Series "How to become a programmer: stories of our mentors "
- How to become a programmer: Ivan Takarlikov’s story
- How to become a programmer: Ilya Konovalov’s story
- How to become a programmer: Stas Mehonoshin’s story
- How to become a programmer: Victor Shepelev's story
- How to become a programmer: Kirill Shirinkin's story
- How to become a programmer: Aleksey Kurylev's story
- How to become a programmer: Rinat Muhamedgaliev’s story
How to become a programmer: Stas Mehonoshin’s story
When I was a schoolchild, I was attracted to computers and it was interesting for me to find out how they work. The choice of job was obvious. “I want to be a programmer!” At that time I had no accurate picture of what programming actually was. The computer science classes made it a little bit clearer soon, but not much, as it wasn’t quite exciting to write the programs which added numbers together in a console.
In the 11th grade I took a fancy to Delphi, so within a year I wrote a small text editor and finally understood that the sphere was attractive for me.
My first 3 years at the university I was more attracted to system administration. I even worked as a technician at my university network engineering lab. That was a unique opportunity to get some background in computer networks, server hardware and in Unix systems, of course. Even though all of those things were far from programming itself, it gave me some basic knowledge which was very useful later in, for instant, web development.
As many other students, at university I used mostly Java or .Net. But my first job I got thanks to PHP, which I worked with during my free time. We were creating online book store on 1C-Bitrix. My salary was something like 10k roubles for a part-time job. I could work from home and at any convenient time; the main requirement was to do everything well and in due course. But there were some disadvantages as well: I had nobody to teach me. Nobody could check my code, explain how to implement some feature or what book to read.
After a year working with PHP, I was fed up with it. I wanted something more ‘serious’ (as I thought at that moment), so I combined my work with learning Ruby. I also had some notion about Java SE/EE, so I set a goal to find a Ruby or Java job by the time I’d have finished my third year.
As it turned out, no Java company wanted to have a trainee/Junior developer that summer, they all advised to wait till autumn. But I was absolutely crazy about working in a ‘serious’ company and wanted to be educated by professionals so much, that I started as a trainee in Evrone.com. So that’s how it happened and since then I never came back to Java :)
I guess the most difficult thing in a programmer’s life is the fact that you always have to study. Only the sky is the limit, so the more you find out, the more you still don’t know. So it’s crucial to read a lot, try things out and think. It’s preferable to have a mentor, which can help you and give advice in a tough situation. Sad to say, I didn’t have such a person, so I had to get information bit by bit and only by myself, by trial and error. Reading a book about a new technology before using it is never enough. You need to discover the best-practices, so you won’t spend your time on a priori ineffective ways.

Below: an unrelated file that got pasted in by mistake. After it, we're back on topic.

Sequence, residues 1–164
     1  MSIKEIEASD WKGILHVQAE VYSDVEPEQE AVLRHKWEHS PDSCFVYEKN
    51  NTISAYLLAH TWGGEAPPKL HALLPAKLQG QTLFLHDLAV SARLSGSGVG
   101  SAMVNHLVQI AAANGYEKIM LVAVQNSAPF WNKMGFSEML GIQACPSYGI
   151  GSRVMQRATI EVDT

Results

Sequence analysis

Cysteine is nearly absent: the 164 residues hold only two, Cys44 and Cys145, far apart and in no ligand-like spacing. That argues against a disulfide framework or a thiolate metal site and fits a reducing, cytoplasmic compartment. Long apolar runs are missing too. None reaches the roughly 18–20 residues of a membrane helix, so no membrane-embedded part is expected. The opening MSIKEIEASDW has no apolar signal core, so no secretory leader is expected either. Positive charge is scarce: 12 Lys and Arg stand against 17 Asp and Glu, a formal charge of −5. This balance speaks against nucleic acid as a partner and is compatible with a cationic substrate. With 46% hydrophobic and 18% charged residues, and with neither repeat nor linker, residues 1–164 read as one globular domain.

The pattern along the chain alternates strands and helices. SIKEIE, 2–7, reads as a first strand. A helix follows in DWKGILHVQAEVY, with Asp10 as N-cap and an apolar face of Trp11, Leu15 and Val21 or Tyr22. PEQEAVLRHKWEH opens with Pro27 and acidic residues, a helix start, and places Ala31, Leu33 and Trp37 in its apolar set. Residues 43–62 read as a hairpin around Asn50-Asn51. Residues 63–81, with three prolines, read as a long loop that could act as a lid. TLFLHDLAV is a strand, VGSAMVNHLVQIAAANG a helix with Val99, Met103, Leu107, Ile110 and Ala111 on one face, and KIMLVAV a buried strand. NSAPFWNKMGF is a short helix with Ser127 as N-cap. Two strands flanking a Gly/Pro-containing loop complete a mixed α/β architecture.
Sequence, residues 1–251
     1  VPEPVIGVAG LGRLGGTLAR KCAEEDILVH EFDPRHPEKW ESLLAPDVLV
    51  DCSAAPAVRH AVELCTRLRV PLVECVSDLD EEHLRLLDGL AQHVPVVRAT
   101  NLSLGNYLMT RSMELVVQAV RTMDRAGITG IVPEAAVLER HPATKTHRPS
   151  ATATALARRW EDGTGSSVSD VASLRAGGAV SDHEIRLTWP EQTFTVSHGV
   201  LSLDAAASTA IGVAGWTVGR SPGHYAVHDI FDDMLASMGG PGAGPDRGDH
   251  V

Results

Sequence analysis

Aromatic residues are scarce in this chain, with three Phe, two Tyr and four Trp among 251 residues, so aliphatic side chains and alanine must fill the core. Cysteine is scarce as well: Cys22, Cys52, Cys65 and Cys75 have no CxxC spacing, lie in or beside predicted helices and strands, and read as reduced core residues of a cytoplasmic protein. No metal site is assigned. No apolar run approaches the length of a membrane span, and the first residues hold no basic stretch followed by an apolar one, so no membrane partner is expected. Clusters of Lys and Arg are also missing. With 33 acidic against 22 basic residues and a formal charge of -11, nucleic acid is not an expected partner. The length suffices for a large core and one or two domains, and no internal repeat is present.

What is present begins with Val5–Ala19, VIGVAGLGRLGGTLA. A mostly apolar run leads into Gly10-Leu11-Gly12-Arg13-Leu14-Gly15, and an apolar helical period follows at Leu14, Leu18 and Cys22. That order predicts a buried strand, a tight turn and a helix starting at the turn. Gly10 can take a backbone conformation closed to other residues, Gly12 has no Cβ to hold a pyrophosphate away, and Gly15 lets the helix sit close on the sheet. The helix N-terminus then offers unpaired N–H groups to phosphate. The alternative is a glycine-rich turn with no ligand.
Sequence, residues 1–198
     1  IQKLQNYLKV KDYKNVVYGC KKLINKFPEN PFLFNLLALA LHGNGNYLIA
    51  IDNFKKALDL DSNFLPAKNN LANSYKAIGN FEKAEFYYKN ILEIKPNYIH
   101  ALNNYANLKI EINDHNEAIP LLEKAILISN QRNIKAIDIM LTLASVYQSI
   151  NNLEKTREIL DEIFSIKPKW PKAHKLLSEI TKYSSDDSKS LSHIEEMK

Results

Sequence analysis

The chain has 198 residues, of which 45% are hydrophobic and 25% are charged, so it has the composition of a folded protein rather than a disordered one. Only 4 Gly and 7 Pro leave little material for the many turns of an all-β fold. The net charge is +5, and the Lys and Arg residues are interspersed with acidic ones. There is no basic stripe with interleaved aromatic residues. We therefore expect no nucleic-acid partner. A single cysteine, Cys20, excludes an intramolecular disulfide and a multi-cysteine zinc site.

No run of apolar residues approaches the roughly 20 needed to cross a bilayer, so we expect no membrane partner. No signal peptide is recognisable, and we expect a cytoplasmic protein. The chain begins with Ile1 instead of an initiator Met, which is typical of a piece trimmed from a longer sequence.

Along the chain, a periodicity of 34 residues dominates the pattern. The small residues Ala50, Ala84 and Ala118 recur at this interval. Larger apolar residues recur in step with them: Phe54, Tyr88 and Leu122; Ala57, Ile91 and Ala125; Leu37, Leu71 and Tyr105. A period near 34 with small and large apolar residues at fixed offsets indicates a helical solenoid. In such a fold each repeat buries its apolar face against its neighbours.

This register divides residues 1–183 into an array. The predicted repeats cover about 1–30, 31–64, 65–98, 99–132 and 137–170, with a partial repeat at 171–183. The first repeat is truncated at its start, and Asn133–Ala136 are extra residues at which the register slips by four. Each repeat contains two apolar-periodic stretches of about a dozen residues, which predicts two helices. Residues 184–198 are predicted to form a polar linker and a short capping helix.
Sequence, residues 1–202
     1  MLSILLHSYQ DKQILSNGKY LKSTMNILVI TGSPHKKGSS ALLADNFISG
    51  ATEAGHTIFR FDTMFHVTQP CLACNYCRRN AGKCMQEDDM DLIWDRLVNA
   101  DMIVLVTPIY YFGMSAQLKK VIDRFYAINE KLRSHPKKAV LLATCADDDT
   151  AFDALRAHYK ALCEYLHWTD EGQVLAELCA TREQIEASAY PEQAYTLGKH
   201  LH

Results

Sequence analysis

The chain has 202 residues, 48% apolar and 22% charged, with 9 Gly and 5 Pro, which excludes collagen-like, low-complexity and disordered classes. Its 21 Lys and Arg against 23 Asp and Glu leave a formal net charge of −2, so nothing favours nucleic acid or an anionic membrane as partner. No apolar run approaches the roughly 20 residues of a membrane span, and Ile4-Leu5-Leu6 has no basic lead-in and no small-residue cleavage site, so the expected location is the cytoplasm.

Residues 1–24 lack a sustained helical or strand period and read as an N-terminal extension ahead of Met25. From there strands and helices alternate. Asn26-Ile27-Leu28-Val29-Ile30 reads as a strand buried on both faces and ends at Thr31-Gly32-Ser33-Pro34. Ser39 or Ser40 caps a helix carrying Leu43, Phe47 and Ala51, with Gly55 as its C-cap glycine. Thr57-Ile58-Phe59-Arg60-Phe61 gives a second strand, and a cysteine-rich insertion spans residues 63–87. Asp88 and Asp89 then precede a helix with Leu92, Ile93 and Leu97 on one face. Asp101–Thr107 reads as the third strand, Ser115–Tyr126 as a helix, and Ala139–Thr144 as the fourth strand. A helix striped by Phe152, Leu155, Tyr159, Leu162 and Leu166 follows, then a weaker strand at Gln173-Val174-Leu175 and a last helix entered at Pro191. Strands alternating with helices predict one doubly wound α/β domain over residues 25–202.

When I was finishing my master’s program at the university, I was invited to work as a part-time professor. I had to teach computer studies to freshmen, sophomores and juniors. It wasn’t paid well in comparison to my actual salary at that moment, but I agreed as I was interested in trying out something new. I vividly remembered the feeling when I had nobody to ask in an unknown situation, so I was ready to help the ones who wanted to learn how to program and become professionals.
Later in some of the companies I worked for I had a chance to be a mentor, so it freshened my memories about the importance of the mentorship again. When you’re helping anyone, you, first of all, learning something too and also have a feeling that you’re do something important for the society. That’s why I decided to try myself as a mentor on mkdev.
Can you give some advice that is usually considered to be controversial?
You shouldn’t skip some fundamental things. Students often get engaged in some trendy technologies, frameworks and whatnot during their studies and do not pay attention to fundamental things such as algorithms, mathematics and low-level system software. Some basic knowledge will help you to master any ‘trendy’ technology faster.
How do you maintain your skills to be relevant? How do you grow and get better as a developer?
I always have some pet-projects and try to use there everything that I can’t on my main job. Some of them become something substantial, some are always kept in my laptop only, but anyway they provide me with some new experience and background.
Your top 3 books for a newbie?
Your top 3 sites/newsletters/information sources that every developer should read?
Your working area photo
For now I don’t have my own desk, so I work anywhere. Here’s the photo of my desktop:
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